Good Month for Aussie Stocks, While U.S. Stocks Fell to Close the Quarter

And that’s a wrap on the financial year! The S&P/ASX 200 couldn’t quite breach the 4,000 level on the last trading day of the month, quarter, and financial year. But it still managed to tack on 1.8% and close at 3,954.

June was a good month for most Aussie stocks. The ASX/200 was up 10.4% in June (the best month in four and half years). And for the year, stocks have climbed about 6.3%. For the financial year, they are down 24%.

Over in the U.S. stocks fell to close the quarter. Oil fell too. In fact the August futures contract fell by 2.3% back under $70. The culprit, according to news reports, was the rather weak June consumer confidence number published by the U.S. Conference Board. Mind you this was just after oil had moved to $73 and an eight-month high the day before (before negative data on U.K. GDP).

What’s with all the mixed signals? Most of it is noise. Oil prices (in addition to being driven by financial demand and speculation) are driven by inventories, demand, and production. Right now-given the fractured global economy-the price seems about right. Later (months or a year or two), as demand recovers but supply fails to grow as quickly as anticipated, we expect the price to go higher.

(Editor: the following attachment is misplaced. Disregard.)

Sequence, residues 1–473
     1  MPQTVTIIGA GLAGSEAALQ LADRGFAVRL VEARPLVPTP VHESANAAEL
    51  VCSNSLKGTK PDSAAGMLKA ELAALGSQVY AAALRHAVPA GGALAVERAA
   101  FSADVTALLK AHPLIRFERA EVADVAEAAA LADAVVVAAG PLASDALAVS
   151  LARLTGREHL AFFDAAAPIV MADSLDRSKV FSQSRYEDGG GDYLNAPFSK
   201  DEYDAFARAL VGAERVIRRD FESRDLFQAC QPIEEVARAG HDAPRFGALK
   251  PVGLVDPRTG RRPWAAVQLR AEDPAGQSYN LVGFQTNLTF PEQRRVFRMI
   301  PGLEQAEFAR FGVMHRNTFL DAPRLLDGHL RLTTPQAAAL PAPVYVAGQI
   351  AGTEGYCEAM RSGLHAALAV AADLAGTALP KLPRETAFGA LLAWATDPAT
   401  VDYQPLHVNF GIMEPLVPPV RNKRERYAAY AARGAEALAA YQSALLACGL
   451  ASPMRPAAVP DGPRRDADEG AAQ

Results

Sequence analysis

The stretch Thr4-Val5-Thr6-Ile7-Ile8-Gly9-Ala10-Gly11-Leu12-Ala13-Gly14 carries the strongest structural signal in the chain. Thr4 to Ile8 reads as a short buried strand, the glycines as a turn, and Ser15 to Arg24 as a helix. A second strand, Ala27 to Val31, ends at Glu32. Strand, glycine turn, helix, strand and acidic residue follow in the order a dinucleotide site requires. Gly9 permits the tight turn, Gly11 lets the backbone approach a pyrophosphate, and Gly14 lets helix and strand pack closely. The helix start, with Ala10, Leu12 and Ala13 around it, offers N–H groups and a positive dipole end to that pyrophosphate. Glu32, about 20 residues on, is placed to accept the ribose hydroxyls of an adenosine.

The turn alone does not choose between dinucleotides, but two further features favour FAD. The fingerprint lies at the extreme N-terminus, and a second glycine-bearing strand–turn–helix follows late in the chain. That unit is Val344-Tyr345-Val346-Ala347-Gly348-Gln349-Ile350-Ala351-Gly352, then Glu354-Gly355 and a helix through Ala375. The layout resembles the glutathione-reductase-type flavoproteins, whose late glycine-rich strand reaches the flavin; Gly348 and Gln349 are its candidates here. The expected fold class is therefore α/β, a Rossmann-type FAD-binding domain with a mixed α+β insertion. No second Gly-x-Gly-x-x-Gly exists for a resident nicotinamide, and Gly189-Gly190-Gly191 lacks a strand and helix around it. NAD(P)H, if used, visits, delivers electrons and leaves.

By the way, yesterday’s omission of nuclear energy as a potential replacement for coal-fired electricity was deliberate. Electricity from nuclear power is going to be a resurging global trend, but not in Australia (good bad or otherwise, although we think it’s ridiculous to rule it out).

That said, the Aussie uranium sector is certainly worth keeping an eye on. We’ve just wrapped up a six-month trade in a uranium stock in Diggers and Drillers that we hope resulted in a tidy profit for some readers. We’re on the look for more.

Dan Denning
for Markets and Money

Dan Denning
Dan Denning examines the geopolitical and economic events that can affect your investments domestically. He raises the questions you need to answer, in order to survive financially in these turbulent times.

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